I don’t see how France is in a position to renegotiate anything. The stability and growth pact has survived, though severely injured and still bleeding, and I believe it will stay alive. I don’t even think Sarkozy is even *trying* to shake things up, he’s just in for some impression management posturing at home and using up some of the EU-cred he worked for at the summit two weeks ago.

  4. Another great Fistfulofeuros post.

    Not only is he ignorant of France, he is also ignorant, or at least, just not paying attention to anything Sarkozy has ever campaigned, said or stood for on economic reform. Sarkozy is no messianic free-market champion.

  5. Hello Tobias,

    “I don’t see how France is in a position to renegotiate anything.”

    Well if you have a look at what was actually agreed at the finance ministers meeting this is effectively what he did, even if it wasn’t put like that. What he actually sold them was some sort of version of the Laffer curve: we will cut taxes and get growth, so “maybe there’s a possibility we will be in line by 2010, but then again maybe we won’t”. From Bloomberg:

    French President Nicolas Sarkozy persuaded European finance ministers that his tax cuts may spur economic growth and keep France on track to meet a deadline to balance its budget by 2010. Sarkozy’s finance minister, Christine Lagarde, told reporters in Brussels today the president’s plans won’t swell the deficit by as much as previously forecast and pledged to reduce the shortfall this year and next. At the same time, France offered no new deficit-cutting measures.“We’re not giving up our goals of budget consolidation,” said Lagarde after a meeting with the other 12 euro-region finance ministers. “If growth is there as we hope, we’ll put all our efforts to reach the 2010 target. If that is not the case we commit to meet the goals by 2012 at the latest.”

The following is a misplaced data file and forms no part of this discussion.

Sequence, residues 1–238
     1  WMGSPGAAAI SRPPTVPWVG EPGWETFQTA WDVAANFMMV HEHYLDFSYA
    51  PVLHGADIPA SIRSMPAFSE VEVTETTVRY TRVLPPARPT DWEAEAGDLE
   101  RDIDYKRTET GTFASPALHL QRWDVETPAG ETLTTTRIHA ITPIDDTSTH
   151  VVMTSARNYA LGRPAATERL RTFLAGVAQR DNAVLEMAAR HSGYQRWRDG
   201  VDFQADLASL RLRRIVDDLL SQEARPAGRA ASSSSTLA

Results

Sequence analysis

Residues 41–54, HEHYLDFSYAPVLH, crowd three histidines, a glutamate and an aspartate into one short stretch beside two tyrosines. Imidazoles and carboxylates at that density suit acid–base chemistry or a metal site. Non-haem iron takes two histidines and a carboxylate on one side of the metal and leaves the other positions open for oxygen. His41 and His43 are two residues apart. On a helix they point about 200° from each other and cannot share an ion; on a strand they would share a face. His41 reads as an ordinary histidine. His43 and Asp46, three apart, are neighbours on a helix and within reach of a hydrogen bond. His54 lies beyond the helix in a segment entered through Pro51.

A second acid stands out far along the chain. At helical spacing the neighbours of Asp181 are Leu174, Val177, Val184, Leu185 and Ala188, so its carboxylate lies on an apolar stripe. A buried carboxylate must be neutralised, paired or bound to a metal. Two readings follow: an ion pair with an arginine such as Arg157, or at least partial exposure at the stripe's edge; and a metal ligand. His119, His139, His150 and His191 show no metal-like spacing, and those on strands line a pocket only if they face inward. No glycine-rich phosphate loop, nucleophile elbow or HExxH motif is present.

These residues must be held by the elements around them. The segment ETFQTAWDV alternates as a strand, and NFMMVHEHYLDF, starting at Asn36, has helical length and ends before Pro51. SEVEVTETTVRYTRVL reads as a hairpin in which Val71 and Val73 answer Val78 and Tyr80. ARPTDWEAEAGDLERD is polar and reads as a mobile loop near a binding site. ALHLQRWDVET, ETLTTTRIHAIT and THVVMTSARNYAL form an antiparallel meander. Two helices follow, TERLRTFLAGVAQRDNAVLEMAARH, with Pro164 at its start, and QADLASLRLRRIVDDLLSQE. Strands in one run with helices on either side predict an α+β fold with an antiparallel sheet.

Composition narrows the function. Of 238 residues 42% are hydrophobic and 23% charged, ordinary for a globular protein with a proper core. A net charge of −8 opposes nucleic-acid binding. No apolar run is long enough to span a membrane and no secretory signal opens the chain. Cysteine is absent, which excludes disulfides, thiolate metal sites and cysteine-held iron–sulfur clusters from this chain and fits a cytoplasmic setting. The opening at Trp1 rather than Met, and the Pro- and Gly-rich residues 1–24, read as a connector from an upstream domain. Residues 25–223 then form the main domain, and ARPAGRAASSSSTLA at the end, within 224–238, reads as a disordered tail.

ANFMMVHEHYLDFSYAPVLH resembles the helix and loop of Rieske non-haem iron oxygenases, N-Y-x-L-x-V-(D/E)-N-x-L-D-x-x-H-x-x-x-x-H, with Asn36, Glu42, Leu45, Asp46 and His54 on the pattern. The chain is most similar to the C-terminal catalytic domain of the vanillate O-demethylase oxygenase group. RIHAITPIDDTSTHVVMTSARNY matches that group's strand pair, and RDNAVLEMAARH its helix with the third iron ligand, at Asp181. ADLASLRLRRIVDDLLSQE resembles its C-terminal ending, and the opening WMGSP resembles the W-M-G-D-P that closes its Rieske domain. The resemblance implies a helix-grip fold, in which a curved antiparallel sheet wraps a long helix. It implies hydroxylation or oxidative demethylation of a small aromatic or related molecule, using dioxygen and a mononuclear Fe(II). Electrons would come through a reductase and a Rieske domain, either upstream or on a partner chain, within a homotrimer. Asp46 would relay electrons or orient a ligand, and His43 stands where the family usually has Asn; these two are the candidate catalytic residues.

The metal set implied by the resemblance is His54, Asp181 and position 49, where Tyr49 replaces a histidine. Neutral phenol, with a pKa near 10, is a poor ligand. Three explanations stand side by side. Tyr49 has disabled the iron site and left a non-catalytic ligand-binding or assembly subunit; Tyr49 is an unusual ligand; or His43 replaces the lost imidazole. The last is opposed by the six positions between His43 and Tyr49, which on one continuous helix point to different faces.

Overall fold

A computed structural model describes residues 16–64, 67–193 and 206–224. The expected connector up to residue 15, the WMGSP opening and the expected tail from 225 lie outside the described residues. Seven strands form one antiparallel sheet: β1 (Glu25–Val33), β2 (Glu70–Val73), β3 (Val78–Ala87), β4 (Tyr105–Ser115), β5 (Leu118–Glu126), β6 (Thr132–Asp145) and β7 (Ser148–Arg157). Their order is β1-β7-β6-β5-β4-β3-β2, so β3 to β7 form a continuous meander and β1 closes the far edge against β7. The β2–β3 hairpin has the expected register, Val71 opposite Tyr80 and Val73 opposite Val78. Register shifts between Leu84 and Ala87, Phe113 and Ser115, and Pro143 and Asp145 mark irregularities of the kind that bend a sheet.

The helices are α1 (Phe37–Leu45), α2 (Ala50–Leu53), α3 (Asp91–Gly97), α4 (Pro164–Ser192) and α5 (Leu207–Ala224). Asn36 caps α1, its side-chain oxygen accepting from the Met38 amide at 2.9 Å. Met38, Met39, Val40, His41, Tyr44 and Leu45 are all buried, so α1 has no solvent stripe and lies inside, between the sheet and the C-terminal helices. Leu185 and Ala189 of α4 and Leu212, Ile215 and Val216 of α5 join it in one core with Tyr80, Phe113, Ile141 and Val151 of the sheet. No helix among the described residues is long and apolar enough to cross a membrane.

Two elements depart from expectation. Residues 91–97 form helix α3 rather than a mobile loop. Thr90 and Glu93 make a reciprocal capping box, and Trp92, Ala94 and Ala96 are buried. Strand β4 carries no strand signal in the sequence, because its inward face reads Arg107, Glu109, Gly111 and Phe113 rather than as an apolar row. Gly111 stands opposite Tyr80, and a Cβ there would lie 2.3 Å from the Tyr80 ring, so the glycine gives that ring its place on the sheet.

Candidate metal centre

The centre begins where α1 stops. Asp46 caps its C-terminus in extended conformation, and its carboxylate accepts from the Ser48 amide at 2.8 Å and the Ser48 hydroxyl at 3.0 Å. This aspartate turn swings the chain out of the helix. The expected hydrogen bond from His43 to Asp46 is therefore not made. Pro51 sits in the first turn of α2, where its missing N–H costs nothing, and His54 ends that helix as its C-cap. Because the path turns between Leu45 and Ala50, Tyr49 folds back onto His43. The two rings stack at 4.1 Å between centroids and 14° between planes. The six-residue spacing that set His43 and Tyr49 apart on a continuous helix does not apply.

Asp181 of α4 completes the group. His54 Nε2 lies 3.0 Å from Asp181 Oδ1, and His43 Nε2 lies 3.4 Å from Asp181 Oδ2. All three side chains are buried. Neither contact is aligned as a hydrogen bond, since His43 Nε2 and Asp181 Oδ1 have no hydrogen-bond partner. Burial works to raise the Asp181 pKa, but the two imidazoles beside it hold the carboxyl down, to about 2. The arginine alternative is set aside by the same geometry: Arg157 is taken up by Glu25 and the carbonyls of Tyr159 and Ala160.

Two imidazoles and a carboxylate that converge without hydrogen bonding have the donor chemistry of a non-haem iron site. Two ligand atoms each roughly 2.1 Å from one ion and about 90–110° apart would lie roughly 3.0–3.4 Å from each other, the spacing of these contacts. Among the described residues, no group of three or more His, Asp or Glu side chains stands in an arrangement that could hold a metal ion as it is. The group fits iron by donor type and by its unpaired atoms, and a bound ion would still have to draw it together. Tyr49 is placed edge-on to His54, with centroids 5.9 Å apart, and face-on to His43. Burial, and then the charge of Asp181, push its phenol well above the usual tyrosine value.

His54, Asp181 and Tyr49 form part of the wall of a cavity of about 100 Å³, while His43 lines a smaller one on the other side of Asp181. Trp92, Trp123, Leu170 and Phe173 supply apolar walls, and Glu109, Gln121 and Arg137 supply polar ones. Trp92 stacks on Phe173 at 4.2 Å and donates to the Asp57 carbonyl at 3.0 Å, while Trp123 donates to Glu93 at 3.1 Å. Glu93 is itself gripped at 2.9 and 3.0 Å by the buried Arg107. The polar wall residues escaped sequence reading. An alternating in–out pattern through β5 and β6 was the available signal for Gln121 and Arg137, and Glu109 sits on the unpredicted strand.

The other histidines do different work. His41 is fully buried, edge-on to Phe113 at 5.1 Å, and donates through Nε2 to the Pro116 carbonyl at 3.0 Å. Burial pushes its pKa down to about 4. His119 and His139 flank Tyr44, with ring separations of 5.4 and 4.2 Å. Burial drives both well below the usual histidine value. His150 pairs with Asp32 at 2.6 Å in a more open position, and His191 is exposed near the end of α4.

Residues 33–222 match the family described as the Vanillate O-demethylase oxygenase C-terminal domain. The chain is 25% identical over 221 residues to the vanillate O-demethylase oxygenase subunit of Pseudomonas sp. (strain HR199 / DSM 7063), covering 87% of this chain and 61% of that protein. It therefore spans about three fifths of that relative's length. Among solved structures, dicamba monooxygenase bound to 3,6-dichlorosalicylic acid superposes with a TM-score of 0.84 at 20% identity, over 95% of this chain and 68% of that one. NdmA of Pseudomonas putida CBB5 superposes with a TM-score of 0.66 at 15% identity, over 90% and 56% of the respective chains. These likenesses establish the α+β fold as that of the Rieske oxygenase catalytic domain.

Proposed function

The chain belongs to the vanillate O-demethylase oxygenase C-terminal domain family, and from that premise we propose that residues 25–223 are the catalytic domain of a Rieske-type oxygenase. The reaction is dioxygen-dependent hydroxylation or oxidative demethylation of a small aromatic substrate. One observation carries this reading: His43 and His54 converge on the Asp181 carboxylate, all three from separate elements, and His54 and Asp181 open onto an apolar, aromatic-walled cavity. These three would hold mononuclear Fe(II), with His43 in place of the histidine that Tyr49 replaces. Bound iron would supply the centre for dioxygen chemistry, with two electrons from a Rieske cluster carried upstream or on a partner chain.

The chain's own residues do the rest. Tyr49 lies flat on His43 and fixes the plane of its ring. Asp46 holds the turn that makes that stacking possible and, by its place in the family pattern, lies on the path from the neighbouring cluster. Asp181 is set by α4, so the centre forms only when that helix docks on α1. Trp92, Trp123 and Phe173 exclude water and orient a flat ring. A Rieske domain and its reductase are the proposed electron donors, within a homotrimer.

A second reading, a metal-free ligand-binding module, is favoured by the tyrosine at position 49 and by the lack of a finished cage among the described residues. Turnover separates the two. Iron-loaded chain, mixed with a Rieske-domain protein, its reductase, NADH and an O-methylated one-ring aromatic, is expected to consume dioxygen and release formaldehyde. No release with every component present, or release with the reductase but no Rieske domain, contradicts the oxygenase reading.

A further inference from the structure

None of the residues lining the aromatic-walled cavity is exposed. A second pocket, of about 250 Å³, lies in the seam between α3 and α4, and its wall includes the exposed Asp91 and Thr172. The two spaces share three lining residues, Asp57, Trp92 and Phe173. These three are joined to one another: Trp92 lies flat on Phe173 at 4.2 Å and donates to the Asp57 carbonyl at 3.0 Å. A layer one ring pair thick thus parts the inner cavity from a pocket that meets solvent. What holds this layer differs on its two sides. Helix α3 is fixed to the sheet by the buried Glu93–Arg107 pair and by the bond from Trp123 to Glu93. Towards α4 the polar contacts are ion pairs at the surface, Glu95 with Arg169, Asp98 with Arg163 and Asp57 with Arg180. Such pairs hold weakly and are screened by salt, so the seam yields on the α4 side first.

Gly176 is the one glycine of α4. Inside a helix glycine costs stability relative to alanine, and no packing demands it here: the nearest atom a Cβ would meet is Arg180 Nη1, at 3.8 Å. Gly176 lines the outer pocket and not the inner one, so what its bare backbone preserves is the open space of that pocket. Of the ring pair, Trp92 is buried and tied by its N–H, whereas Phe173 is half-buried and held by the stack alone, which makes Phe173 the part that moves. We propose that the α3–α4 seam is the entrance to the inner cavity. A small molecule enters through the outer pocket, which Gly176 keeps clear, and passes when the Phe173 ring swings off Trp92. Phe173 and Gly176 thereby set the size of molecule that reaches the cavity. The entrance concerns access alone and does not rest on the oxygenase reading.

It’s a sort of now you see me, now you don’t kind of situation. Of course whether or not they get the growth they are promising depends on a lot more things than whether or not the Laffer curve works. Let’s just say that there are reasons for entertaining doubts.

    At the very least the decision to let France stay in the grey zone has flexibilised the meaning of the pact yet one more time. I think the issue really is going to be how they will now handle Italy if they once more time fail to come through on their promises (and this seems quite possible). I don’t know whether Filipe is from Portugal, but I simply can’t help thinking about what has happened to them there every time this issue gets raised.

    But I also wanted to draw attention to the fact that given their differential demographics, and given the fact that the only real justification for all the budget balancing was the impending demographic crunch (which will hit Germany and Italy but NOT France in the short term), a French President will be on solid ground if he starts to say “now hang on a moment, we’ve done our homework on fertility and immigration, surely this should be taken into account too”.

    With all the talk about balances and deficits, I have a proposal I want to advance at some point: the balance of payment accounts, as well as including financial capital flows should also include human capital ones, especially given the increasing importance of human capital in the knowledge economy. The traditional BoP bookkeeping is now rather out of date in this sense. I think the point, once made, is obvious, but it is funny no-one seems to have been arguing this to date.

    “I don’t even think Sarkozy is even *trying* to shake things up, he’s just in for some impression management posturing at home”

    Well this would be a kind of “public relations” take on the situation, and you may be right, although I can’t shake off the feeling that there may be some “reality impinging” fundamentals knocking around in the background somewhere.

  6. We thank the FistfulofEuros for highlighting the inspirational ramblings of the liberal-Britrag-Independent. We salute the quality of gibberish that they are able to churn out on a daily basis.

    More seriously, engaging on the Sarko issue, we have wondered how a conservative who claims to love the free-market can square away the dirigiste badge that he wears with such pride? Can anyone square this away?

  7. «More seriously, engaging on the Sarko issue, we have wondered how a conservative who claims to love the free-market can square away the dirigiste badge that he wears with such pride? Can anyone square this away?»

    That is the very essence, in a nutshell, of Gaullism.